For some years, UNICEF has been researching children’s online risk and safety, promoting digital citizenship, and conducting both programmes for awareness-raising among children and for communication for development through the use of ICT.
This paper explores some of the factors which impede and promote public sector responsibilities towards children. The purpose of this analysis is to seek methods of assessing the performance of governments in their roles as protectors of the rights of children according to their international commitments.
The last several decades have witnessed a dramatic change in the methods of warfare. Civilians are now increasingly targets of violence, not just mere victims of collateral damage. Among civilians targeted, children and youth are subject to acts of violence, including enforced disappearances and enforced conscription.
There is need for a holistic, comprehensive ECD monitoring system that covers the multiple facets (i.e. education, health, social protection and the social and economical context in which the child is born) of public and private ECD interventions in a country. Such a system is essential for ensuring that all children can reap the benefits of ECD. It serves as a means of support and oversight for monitoring the performance and planning of ECD policies and programmes in developing countries. The paper highlights the importance of comprehensive ECD monitoring for making evidence-based decisions, and discusses practical issues to take into consideration when developing such a system.
This paper reviews the published evidence of pathways and impacts of global climate change on child health. The review was occasioned by the recognition that most of the work to date on climate change and health lacks clear focus on the children's dimension, while the climate change and children literature tends to be brief or imprecise on the complex health aspects.
Since its adoption in November 1989, the Convention on the Rights of the Child (CRC) has been ratified by states across all regions and today it is in force in all but two countries. The CRC is the first binding international human rights instrument incorporating in the same text social, cultural, economic, civil and political rights.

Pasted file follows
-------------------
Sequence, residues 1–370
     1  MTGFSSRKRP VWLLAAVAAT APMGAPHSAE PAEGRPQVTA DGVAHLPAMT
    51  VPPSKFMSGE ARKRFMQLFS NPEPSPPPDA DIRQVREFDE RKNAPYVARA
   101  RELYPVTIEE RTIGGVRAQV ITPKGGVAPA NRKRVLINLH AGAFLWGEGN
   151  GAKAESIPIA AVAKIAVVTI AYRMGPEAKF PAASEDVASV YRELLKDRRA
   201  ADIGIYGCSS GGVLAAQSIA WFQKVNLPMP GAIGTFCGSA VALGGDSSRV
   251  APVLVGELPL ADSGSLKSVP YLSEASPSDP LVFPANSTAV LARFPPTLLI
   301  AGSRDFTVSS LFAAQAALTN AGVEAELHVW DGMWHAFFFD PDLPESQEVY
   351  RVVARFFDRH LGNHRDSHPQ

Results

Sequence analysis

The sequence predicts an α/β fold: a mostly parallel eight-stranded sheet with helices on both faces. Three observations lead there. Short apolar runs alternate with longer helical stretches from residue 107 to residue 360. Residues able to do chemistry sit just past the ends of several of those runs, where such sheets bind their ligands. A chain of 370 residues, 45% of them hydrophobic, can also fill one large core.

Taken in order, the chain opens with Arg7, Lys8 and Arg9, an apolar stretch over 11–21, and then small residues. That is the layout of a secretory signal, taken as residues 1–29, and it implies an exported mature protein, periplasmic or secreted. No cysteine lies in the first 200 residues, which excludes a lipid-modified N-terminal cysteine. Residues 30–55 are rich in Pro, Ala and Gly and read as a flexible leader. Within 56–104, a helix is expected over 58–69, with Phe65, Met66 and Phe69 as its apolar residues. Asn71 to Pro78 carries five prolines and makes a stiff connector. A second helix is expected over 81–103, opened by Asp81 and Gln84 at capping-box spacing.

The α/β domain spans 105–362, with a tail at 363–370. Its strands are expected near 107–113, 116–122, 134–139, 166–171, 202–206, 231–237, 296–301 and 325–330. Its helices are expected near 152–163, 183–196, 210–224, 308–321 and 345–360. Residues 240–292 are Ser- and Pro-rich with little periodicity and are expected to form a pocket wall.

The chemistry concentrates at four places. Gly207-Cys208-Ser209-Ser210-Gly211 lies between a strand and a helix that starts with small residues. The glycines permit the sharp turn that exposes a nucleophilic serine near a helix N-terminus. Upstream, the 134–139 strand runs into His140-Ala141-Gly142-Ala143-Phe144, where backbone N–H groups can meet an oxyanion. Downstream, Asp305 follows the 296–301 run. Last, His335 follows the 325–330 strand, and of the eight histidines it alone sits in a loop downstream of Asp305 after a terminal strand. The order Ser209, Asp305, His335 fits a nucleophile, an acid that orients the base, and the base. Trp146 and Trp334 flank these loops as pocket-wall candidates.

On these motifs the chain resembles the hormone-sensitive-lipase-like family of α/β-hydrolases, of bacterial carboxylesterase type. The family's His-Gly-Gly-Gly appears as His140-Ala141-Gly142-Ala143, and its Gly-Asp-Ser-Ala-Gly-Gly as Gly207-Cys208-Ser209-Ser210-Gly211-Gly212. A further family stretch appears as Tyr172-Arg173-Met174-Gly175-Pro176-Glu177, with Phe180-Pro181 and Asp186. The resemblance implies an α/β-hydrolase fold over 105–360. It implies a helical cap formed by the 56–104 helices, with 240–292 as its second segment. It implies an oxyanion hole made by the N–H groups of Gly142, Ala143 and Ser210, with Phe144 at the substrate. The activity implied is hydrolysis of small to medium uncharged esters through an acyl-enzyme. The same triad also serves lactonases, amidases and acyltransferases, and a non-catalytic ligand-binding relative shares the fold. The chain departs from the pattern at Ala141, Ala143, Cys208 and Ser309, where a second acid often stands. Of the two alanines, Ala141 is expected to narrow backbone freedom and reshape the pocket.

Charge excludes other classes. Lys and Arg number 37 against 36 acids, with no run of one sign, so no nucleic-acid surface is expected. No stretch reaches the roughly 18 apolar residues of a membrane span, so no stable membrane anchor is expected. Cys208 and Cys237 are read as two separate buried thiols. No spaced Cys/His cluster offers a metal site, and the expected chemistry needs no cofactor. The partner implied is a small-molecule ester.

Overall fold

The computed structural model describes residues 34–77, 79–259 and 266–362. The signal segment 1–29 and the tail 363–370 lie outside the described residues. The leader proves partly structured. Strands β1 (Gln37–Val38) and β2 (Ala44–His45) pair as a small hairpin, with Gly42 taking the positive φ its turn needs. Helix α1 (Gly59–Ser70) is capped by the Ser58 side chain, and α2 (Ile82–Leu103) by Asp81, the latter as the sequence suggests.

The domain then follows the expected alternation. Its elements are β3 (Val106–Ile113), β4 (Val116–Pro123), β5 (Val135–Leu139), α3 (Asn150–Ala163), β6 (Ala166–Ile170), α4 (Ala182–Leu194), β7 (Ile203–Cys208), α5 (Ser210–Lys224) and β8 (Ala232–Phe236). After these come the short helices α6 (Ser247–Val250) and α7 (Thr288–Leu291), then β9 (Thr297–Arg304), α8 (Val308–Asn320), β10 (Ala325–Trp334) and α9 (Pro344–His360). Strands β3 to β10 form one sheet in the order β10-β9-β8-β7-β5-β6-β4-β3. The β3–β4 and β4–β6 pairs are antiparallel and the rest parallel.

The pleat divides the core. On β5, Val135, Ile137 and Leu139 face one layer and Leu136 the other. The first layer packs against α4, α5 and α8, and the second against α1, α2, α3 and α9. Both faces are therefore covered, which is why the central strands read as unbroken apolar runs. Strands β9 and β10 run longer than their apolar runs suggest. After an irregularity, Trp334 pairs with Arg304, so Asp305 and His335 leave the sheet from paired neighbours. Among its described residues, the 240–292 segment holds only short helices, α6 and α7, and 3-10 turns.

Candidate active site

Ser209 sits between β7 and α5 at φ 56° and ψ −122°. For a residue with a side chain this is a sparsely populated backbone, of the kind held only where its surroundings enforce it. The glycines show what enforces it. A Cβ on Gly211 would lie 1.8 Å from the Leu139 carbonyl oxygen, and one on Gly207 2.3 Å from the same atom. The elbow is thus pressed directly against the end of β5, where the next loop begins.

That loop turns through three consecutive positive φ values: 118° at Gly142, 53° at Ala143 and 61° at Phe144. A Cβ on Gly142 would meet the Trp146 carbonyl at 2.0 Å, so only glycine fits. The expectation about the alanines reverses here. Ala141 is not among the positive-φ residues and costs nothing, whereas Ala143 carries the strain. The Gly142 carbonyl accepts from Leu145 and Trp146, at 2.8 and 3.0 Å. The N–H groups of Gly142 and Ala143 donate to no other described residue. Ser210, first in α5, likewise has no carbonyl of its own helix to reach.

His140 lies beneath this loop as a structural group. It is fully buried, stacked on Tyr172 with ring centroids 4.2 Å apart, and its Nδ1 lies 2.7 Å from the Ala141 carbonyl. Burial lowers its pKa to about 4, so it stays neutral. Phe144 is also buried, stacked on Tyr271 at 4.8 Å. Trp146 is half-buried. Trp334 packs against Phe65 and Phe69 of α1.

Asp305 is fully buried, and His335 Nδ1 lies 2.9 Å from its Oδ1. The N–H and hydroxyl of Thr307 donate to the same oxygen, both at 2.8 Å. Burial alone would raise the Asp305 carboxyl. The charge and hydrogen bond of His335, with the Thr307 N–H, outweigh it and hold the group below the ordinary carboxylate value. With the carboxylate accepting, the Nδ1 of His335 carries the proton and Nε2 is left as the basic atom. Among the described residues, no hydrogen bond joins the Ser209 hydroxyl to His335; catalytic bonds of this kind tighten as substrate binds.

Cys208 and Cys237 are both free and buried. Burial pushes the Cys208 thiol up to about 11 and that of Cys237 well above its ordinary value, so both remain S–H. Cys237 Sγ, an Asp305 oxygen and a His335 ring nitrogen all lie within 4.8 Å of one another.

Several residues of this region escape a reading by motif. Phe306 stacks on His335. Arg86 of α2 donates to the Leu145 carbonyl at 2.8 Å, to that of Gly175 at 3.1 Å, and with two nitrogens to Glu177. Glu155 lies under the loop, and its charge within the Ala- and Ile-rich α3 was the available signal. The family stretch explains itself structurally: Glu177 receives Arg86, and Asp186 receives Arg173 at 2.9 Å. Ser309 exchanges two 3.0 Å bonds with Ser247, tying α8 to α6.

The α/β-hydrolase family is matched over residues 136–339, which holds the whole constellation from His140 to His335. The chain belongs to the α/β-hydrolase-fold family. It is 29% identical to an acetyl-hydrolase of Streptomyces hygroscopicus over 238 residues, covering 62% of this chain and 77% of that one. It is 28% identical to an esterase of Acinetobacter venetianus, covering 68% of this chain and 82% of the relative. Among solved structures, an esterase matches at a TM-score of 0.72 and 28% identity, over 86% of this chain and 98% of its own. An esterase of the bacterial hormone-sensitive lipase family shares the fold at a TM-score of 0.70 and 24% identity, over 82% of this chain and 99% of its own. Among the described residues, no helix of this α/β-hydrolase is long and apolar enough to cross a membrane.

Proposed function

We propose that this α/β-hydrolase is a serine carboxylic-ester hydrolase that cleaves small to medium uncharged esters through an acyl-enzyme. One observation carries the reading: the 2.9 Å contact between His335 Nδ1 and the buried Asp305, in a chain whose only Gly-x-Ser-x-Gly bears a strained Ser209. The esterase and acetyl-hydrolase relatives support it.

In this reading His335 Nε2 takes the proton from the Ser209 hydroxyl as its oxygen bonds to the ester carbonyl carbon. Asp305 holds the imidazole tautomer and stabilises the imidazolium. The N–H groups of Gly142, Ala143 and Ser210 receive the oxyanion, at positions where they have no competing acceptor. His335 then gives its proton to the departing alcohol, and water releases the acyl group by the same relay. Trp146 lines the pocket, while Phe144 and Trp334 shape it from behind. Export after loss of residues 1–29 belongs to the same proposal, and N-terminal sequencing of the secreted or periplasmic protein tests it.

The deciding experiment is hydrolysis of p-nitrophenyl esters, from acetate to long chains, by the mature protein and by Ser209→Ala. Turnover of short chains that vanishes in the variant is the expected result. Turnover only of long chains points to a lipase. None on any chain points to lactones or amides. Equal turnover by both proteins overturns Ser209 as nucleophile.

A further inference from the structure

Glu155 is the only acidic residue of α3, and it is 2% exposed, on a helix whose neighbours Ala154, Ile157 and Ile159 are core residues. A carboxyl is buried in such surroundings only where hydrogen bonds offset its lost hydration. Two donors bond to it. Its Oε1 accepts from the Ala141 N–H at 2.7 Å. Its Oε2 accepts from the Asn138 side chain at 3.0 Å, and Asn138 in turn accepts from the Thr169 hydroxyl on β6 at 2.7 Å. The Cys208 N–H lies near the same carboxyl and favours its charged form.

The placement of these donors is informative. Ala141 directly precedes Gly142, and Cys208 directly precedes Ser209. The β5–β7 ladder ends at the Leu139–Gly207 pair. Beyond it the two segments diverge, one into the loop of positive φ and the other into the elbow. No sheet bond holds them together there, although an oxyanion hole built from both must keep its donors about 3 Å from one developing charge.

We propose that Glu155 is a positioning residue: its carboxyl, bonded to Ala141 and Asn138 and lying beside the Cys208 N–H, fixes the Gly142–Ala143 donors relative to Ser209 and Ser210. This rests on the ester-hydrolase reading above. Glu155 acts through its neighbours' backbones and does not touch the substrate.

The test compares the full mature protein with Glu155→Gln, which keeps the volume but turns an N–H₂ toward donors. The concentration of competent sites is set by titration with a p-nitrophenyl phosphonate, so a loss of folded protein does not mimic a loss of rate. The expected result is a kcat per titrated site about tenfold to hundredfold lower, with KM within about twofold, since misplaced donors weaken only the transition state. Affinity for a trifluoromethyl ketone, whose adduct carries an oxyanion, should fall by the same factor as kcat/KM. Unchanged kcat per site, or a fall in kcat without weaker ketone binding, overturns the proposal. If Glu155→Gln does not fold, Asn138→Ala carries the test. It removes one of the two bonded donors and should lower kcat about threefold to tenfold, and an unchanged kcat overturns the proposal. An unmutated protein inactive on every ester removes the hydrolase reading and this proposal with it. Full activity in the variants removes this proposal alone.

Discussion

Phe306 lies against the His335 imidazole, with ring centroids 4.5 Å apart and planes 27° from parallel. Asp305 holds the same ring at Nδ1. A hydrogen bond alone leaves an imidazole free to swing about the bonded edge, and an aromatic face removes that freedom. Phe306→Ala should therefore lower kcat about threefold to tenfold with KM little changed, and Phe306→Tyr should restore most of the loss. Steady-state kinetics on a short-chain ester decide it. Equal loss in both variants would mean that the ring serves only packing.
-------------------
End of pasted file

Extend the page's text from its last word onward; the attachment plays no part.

Since its adoption in November 1989, the Convention on the Rights of the Child (CRC) has been ratified by states across regions and today it is in force in all but two. The CRC is the first binding international human rights instrument incorporating in the same text social, cultural, economic, civil and political rights. The present publication contains the seven General Comments issued by the Committee on the Rights of the Child, and the CD Rom accompanying this text includes all the Concluding Observations adopted by the Committee in relation to State Parties reports presented by European Countries and the Asian Republics between 1993 and 2005.
In 2003 the Committee on the Rights of the Child adopted an important statement: its General Comment n°5 on General Measures of Implementation. That same year, the Innocenti Research Centre began a study of the general measures of implementation of the Convention on the Rights of the Child (CRC). The study reviews 62 countries, representing all regions of the world, that have submitted two reports to the Committee on implementation of the CRC. This analytical review is based primarily on the reports of States Parties to the Committee on the Rights of the Child and other documents generated as part of the reporting process.